WEST Cork League clubs are gearing up for a welcome return to action following four months of inactivity due to the coronavirus pandemic.
News that the West Cork League voted to complete their season on the pitch rather than calling a complete halt was warmly received by the majority of the region’s clubs. The logistics of how WCL league and cup competitions can be safely concluded will be ironed out over the coming weeks.
Early to mid-August looks the likeliest restart date for the 2019-20 Premier and Championship divisions.
Excitingly, there are several clubs in with a realistic shout of winning the top-tier’s most coveted trophy, none more so than perennial challengers Drinagh Rangers. The Canon Crowley Park club will resume their campaign five points clear of second-placed Ballydehob. Third-placed Clonakilty Town are six behind and with a game in hand. Defending champions Dunmanway Town cannot be discounted either despite lying in fourth with three games in hand on the Premier Division leaders.
Drinagh are favourites to win a league trophy they most recently held aloft in 2013, ’15 and ’18, but the fact each of the top four clubs are scheduled to face one another once the action resumes means supporters can look forward to plenty of twists and turns.
‘I think it’s absolutely correct that we finish off the West Cork League season,’ Drinagh Rangers co-manager Don Hurley told The Southern Star.
‘It is important to finish it off and the FAI have given their leagues the scope to do just that. West Cork is fortunate in that we had a smaller amount of games left to complete compared to other leagues around the country. Will it be different? Absolutely, but the right decision has been made to finish off our league and cup competitions.’
Reigning champions Dunmanway Town have a number of outstanding games to catch up on before they can attempt to draw level with the Premier Division frontrunners. Andrew Healy agrees with his Drinagh counterpart when it comes to finishing off the campaign.
‘I think completing the West Cork League season in a short period of time can be done but safety will be of the utmost importance,’ Healy said.
‘Yes, Dunmanway has three or four games to make up but we are looking forward to that. No-one has been able to take any summer holidays so it should be a relatively level playing field when all the clubs return.’
Second placed Ballydehob have not played a competitive league fixture since early February. A combination of postponements and awful weather hampered the Rathravane side’s attempts to pull away from their title-rivals.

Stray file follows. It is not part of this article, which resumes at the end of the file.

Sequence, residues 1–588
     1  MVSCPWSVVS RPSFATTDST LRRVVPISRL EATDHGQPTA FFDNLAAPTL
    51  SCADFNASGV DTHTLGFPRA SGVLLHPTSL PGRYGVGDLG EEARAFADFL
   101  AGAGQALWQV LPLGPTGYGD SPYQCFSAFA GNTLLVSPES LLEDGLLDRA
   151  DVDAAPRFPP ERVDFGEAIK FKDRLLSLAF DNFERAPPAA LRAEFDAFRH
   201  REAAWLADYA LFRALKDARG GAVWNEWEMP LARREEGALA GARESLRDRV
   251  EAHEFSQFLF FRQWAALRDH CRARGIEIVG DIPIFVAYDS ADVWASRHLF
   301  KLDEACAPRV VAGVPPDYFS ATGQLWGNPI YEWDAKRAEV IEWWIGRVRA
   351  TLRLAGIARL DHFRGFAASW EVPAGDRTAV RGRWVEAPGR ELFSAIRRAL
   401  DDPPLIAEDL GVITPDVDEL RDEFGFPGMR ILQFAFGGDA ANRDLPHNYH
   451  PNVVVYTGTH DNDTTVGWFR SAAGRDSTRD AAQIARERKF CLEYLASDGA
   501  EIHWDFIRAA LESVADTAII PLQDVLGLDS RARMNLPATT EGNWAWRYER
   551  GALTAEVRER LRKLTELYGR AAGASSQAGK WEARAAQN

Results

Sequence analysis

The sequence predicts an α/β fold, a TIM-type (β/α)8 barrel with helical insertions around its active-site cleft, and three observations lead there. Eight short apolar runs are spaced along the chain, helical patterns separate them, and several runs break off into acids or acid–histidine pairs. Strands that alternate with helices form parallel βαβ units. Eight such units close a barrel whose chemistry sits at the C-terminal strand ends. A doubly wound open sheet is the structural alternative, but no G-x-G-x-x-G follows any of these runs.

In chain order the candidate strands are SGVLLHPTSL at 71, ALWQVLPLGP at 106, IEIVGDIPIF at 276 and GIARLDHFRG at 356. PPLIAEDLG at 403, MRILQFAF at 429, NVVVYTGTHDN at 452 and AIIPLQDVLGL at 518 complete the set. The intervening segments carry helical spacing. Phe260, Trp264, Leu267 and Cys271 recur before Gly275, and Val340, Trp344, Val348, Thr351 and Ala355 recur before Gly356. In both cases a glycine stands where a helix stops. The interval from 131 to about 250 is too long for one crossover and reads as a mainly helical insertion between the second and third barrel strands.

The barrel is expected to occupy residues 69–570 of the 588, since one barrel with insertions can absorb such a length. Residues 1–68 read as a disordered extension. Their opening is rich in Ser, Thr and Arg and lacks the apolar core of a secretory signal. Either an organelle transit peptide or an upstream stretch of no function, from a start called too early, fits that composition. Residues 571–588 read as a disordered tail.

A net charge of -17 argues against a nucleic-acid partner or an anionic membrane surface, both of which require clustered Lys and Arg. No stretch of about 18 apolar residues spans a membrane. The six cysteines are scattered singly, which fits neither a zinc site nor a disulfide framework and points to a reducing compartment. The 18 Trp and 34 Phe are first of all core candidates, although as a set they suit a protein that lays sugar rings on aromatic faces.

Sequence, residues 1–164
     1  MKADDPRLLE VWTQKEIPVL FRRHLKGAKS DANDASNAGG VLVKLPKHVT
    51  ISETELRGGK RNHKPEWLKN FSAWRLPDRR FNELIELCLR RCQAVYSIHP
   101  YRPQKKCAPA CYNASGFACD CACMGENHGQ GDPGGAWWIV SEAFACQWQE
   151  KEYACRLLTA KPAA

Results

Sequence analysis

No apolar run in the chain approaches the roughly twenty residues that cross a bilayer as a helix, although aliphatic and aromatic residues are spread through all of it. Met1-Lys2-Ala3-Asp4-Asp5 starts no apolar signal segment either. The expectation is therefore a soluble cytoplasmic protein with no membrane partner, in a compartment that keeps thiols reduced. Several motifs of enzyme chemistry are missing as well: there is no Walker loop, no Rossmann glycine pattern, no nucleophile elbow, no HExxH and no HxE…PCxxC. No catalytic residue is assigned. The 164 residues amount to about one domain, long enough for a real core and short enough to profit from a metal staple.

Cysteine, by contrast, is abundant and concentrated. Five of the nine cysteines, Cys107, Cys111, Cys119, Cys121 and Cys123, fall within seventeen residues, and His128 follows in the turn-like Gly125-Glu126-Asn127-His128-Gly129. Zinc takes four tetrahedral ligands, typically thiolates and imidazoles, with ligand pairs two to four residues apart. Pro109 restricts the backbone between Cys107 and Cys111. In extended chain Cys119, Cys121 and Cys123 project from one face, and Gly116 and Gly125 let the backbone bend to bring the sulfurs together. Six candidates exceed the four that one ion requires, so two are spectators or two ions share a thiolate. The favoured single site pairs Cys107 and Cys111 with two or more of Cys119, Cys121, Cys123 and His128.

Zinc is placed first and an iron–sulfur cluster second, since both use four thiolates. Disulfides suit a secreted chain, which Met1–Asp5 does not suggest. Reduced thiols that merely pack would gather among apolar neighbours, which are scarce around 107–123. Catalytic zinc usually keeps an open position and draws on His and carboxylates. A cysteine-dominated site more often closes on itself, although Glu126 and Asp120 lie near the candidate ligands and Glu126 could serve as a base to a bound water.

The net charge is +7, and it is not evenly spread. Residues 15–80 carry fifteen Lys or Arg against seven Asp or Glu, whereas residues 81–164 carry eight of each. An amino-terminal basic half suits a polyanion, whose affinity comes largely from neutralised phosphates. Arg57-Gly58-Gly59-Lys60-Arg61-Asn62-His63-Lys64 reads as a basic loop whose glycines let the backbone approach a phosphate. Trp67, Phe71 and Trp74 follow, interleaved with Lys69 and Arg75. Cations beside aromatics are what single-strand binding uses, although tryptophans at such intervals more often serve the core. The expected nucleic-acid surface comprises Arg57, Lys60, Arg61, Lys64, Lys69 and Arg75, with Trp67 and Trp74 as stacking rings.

Another issue the Hob and their fellow WCL clubs face is the prospect of games potentially clashing with a bulging GAA fixture-list. There should be ample time to play both sports in the timeframe involved but naturally, possible overlaps are a concern for Ballydehob manager James Arnold.
‘I will be honest, I don’t know if we can finish out the league in the timeframe that is left, to be fair, I don’t think anyone knows really,’ Arnold commented.
‘No-one knows what is going to happen between now and the date the league is scheduled to restart. As for GAA, it will be a problem for us and other (West Cork League) clubs too. Restarting the league earlier would make life easier, to a degree, but that will be down to the players themselves and what they want to do.’
Don Hurley added: ‘There is no getting away from the fact it is going to be a fairly packed sporting schedule for soccer and GAA between now and October. There are a lot of games to be played so the earlier West Cork League clubs get back the better. If we can play some of our matches before August 29th/30th, then that will leave us with more scope to complete our fixture-list.’
An experienced Dunmanway Town squad are no different to their fellow Premier Division title-challengers when it comes to players also involved in hurling and football.
‘I think, to be fair, a lot will depend on how and when the GAA decide to go ahead with their championships,’ Andrew Healy admitted.
‘The reality is that we just aren’t in a position to know how that is going to affect us (Dunmanway) until the (GAA) county championship calendars are announced. The WCL Committee has taken all of this into account though, so any fixture clashes will likely be kept to a minimum provided we can restart a few weeks before the GAA kicks in.’